With an IQ of 76, Perry L. Crandall is often mistaken for retarded. But he knows the truth: “You have to have an IQ number less than 75 to be retarded. I read that in Reader’s Digest.” Abandoned by his mother at a young age, Perry lives with his cantankerous but good-hearted Gram, who tells him that there’s nothing wrong with being a little slow. She teaches him how to get along in the world: always write things down, study the dictionary to learn new words, know whom to trust and who’s trying to take advantage. Most of all, she reminds Perry that for all his disadvantages, he’s a lucky boy—that’s what the L stands for.
Shortly after her death, Gram’s belief in Perry’s luck is borne out in spectacular fashion. Cheated out of his inheritance by his conniving family, he moves into an apartment above his employer’s shop and is watched after by his best friend, Keith, a troubled Vietnam vet who lives on a boat in the harbor below. Money is tight, but Perry does his best to maintain his routine: daily vocabulary words, Sunday crossword puzzles, and weekly lottery tickets. When one of those tickets turns out to hold a $12 million jackpot, Perry’s world is transformed overnight.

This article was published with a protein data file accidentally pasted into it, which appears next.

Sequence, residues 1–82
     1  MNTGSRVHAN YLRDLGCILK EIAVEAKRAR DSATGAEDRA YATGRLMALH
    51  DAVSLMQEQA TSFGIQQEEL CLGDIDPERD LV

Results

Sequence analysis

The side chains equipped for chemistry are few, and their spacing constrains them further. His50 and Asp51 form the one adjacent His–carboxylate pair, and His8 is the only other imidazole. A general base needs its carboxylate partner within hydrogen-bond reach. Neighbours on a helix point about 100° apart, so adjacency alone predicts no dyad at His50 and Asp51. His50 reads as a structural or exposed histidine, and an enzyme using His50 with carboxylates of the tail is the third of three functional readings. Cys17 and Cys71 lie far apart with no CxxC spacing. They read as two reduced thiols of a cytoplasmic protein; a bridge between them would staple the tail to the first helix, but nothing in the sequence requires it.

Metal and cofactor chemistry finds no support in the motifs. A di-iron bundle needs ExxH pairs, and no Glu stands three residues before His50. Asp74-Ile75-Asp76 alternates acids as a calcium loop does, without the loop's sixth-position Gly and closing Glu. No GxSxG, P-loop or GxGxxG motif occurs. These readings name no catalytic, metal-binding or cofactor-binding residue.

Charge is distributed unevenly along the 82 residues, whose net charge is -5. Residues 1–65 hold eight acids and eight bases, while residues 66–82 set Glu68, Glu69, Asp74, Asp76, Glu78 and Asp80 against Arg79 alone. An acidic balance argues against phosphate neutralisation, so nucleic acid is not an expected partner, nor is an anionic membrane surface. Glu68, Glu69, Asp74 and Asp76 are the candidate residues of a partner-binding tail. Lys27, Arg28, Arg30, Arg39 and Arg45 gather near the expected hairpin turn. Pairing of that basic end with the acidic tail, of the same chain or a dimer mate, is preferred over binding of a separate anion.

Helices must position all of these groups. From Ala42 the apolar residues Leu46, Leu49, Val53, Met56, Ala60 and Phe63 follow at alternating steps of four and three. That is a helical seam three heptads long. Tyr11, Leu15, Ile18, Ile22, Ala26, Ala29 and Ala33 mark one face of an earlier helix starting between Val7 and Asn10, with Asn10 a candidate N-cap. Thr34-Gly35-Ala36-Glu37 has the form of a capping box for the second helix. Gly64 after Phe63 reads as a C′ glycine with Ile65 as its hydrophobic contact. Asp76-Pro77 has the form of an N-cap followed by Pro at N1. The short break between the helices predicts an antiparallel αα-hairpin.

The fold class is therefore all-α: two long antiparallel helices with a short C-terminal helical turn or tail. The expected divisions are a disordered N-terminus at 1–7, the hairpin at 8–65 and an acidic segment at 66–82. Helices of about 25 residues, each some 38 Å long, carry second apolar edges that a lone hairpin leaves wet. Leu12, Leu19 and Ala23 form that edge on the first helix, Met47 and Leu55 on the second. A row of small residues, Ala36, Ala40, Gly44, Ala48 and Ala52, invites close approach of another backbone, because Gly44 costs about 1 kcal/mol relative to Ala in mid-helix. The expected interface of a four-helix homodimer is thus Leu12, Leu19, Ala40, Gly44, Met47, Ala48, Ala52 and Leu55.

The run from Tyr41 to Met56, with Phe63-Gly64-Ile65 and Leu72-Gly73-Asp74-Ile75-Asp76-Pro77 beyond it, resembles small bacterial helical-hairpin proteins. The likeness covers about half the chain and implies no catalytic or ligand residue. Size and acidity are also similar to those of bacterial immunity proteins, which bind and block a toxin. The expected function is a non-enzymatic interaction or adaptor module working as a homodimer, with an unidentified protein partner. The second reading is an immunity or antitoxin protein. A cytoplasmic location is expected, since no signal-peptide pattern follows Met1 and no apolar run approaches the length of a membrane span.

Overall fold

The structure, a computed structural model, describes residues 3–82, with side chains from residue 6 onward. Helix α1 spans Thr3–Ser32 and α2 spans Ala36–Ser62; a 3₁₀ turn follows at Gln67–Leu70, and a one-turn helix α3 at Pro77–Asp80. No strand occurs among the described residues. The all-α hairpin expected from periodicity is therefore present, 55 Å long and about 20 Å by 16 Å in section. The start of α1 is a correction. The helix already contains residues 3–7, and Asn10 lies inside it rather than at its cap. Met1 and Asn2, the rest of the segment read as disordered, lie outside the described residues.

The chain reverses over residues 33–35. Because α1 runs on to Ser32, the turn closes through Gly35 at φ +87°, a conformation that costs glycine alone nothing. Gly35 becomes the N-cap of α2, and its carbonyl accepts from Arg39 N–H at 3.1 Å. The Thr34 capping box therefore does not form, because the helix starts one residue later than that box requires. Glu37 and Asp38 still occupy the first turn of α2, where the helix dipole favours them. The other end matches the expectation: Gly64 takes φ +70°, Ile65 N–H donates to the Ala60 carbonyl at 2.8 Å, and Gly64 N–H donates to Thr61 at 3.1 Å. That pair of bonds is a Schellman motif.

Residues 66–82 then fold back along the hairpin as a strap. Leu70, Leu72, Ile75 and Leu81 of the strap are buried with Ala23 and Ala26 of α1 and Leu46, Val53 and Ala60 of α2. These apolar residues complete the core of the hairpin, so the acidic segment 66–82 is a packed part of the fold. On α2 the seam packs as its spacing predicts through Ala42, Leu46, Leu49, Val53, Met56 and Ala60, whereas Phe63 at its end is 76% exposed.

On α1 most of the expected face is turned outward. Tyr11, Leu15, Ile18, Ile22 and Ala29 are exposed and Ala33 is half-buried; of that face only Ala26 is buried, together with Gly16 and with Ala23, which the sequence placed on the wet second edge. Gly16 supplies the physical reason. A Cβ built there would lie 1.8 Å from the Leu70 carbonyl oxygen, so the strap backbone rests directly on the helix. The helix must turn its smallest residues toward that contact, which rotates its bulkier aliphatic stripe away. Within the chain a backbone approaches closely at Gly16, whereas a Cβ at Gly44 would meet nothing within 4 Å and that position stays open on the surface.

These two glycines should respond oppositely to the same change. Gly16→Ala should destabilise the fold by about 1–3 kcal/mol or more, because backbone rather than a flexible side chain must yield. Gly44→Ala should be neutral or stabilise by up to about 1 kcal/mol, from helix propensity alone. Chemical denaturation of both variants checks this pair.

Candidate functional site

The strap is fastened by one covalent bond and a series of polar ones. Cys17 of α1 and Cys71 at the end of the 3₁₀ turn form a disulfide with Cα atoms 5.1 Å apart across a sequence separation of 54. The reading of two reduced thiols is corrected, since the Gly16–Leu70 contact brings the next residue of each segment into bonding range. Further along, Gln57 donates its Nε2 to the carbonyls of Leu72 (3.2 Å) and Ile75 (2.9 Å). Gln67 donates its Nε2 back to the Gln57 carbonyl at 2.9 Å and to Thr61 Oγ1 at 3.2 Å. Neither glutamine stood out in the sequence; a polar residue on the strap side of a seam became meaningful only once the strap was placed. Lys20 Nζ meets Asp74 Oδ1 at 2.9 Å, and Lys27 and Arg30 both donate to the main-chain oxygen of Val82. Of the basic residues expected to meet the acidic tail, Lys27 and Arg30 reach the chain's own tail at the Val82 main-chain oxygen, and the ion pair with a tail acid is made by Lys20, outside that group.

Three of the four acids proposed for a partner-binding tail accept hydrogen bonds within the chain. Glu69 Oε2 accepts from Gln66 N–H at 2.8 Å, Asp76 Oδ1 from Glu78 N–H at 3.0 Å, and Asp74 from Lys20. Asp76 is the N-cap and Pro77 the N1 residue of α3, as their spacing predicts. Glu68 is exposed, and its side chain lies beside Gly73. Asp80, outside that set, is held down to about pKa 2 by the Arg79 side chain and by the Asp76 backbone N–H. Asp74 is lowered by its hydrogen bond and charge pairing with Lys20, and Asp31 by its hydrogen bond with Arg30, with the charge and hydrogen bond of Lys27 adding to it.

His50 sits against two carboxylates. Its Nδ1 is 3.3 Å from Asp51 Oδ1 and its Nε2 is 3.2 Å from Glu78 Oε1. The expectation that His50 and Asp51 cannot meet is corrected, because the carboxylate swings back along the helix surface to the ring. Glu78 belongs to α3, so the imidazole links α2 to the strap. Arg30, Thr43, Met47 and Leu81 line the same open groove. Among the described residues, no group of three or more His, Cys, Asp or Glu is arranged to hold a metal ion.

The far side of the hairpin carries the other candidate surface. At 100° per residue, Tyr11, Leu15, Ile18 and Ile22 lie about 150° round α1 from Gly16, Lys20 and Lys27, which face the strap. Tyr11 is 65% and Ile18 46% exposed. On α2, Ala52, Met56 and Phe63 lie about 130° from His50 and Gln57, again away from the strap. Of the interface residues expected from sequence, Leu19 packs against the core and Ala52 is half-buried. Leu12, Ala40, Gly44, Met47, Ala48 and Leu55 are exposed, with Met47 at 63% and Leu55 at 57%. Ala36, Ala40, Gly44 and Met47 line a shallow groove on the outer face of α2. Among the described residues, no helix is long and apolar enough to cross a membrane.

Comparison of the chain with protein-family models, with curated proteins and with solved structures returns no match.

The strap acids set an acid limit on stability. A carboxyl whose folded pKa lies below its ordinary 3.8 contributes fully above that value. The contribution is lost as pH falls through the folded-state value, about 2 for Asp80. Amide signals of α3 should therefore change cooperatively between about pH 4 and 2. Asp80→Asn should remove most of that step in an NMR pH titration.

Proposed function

After a lifetime of being teased, ignored, and shunned, Perry is suddenly everybody’s best friend. His newfound fame makes him a star attraction at work, and he is inundated by letters, phone calls, and visitors, all looking for the same thing: a piece of the winnings. His friend Keith and his employer, Gary, help him fend off the day-to-day petitioners, but Perry’s family has a more elaborate scheme in mind. Playing on his trusting nature and his innate goodwill, they maneuver to swindle him out of every last dime.
Patricia Wood’s Lottery offers a glimpse of the world as seen through the eyes of a man with limited cognitive abilities but boundless generosity of spirit.
Patricia Wood is a Ph.D. student at the University of Hawaii, focusing on education, disability, and diversity.Lottery is inspired by her work, as well as a number of events in her life, including her father’s winning the Washington State Lottery. She lives with her husband aboard a sailboat moored in Ko’Olina, Hawaii. This is her first novel.